Let me reiterate the distinguishing features of the primary trope under consideration in this series of posts. These “well-made photographs” repeat the same elementary formal structure:
- The primary subject (there’s rarely a secondary subject) receives central placement within the frame.
- The primary subject is the largest object within the frame.
- The primary subject is addressed frontally and head-on.
- The primary subject is closest to the picture plane within the frame.
- The primary subject is in sharpest focus.
- The primary subject contains the most intense highlights (in a b&w image) or the most intense colors, sometimes both.
- This literal subject matter and image format then get repeated until enough variants accumulate to constitute a book, an exhibition, or some even larger aggregate.
I do realize, let me hasten to add, that I’m hereby describing large portions of (even in some cases the entirety of) the variously celebrated bodies of work of Robert Mapplethorpe, Nadar, Andres Serrano, Hugo Erfurth, Catherine Opie, Edward Steichen, Ryan McGinley, Hill & Adamson, Edward Sherriff Curtis, Thomas Ruff, Bernd and Hilla Becher, Fabian Bachrach, Gertrude Käsebier, Rineke Dijkstra, Graciela Iturbide, August Sander, Phyllis Galembo, Irving Penn, William Wegman, Yousuf Karsh, Pierre et Gilles, Seydou Keïta, Peter Hujar, Walter Chandoha, Joyce Tenneson, Southworth & Hawes, Diane Arbus, Mário Cravo Neto, Tomoko Sawada, and countless other figures in the medium’s history — not to mention the people who made your yearbook photos from grade school through college and the person who made your most recent passport photos.
And yes, I’m contending that all these photographers and photo-based artists have repeated a single elementary, formally conservative image structure unrelentingly throughout their own working lives as picture-makers. So we now have 170 years’ worth of variants of that image stockpiled, surely a supply sufficient to satisfy the cravings of those most addicted to looking at that configuration. Nonetheless, it will outrage many when I announce that, from my perspective, these are all the same picture, and I’ve grown tired of looking at it/them.
Notwithstanding the omnipresence of the well-made photograph (there are other recurrent formats as well) in post-secondary photo-ed programs, and the advocacy and endorsement of it by so many of my fellow professionals in the field, I don’t think anyone actually intended this to happen. Like Topsy in Uncle Tom’s Cabin, it “jes’ grew,” exemplifying what my late colleague Richard Kirstel liked to call an “osmotic conspiracy” — one that people enter into unconsciously, simply by swimming in and absorbing the same waters.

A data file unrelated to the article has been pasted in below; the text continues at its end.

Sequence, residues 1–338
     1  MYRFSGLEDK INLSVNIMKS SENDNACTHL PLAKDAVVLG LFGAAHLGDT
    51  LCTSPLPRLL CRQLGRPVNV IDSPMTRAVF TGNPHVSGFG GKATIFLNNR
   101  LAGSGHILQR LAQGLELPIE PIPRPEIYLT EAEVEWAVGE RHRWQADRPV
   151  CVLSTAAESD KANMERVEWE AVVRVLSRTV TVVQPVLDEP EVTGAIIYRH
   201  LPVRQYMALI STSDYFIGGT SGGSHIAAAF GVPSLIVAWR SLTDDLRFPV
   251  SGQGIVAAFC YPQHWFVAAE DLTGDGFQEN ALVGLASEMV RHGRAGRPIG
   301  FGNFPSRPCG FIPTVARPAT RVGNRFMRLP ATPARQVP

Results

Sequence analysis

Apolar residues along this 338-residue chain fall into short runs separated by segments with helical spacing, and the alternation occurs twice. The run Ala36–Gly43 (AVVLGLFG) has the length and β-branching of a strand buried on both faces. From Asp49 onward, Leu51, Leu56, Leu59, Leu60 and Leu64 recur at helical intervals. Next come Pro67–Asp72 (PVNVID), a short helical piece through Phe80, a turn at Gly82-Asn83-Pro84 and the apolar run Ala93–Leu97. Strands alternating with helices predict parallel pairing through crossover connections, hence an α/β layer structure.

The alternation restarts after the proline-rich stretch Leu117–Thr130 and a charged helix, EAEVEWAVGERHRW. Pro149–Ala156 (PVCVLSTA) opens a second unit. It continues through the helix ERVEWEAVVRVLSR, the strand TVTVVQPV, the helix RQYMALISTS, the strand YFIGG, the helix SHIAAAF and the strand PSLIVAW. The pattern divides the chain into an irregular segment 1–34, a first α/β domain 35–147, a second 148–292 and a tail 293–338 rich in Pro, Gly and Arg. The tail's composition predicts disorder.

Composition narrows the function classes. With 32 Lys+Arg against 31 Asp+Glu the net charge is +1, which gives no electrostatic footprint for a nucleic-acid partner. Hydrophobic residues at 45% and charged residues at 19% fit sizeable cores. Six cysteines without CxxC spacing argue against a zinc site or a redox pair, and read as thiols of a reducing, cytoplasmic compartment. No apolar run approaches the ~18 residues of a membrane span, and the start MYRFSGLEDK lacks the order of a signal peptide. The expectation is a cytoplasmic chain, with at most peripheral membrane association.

Richard also used to refer to “cryogenic imagery.” Starting back in the late ’70s, when cameras had begun to go electronic but well before the advent of digital imaging systems, he argued that, by then, photographers had established a sizable, steadily growing repertoire of archetypal images, any variation of which was recognized by all and sundry as a “good shot.” It was his theory that these images now came in the camera, cryogenically frozen. The camera user needed only to scan the field of vision until the lens came across a new instance of one of these archetypes; the frozen image would be instantly awakened from its sleep, defrosted, and registered on the negative.
I suspect he’d see digital imaging as an even more efficient way of replicating favored image structures. Richard spoke often of the problem of what he called “the tyranny of the subject” in photography; the trope under consideration here, in which all that varies is the subject matter at which the photographer pointed the lens, exemplifies that phenomenon.
The “Graduate Conveyor Belt”
As I noted in an earlier post in this series, the evolution of the BFA/MFA studio photography program runs concurrently with and closely parallels the evolution of the BFA/MFA creative writing program.
By coincidence, BBC News just published a report on a summer creative-writing program run in Paris by . . . New York University, whose undergraduate BFA photography program I discussed at length in my last post. See “The ultimate cure for writer’s block?” by Sean Coughlan, datelined July 17, 2012. Paraphrasing novelist Andrew Cowan, the University of East Anglia’s current director of creative writing, Coughlan writes, “The place of creative writing has now been established within the publishing industry, he says. Literary agents and publishers are waiting at the end of the graduate conveyor belt.”
Exactly. I couldn’t have said it better myself. And, in a different branch of the academic degree factory, the photo-ed division, an equivalent “graduate conveyor belt” feeds exiting students into the art-photography industry, where gallery owners, curators, publishers, and collectors are waiting.
Welcome to the photo-education system as Soylent Green.
A Trope Gone Viral
The unimpeachable post-secondary thesis project proposal may have had its origin in BFA and MFA studio photography programs, as I’ve argued in this series of posts, but its pernicious influence does not stop at the giant egress from the ivory tower, alas. A photo-ed version of what’s known in medicine as iatrogenic disease (an adverse condition in a patient resulting from treatment by a physician or surgeon, or resulting from a stay in a hospital), this highly infectious condition incubates during the academic indoctrination period and then gets carried into the larger world outside.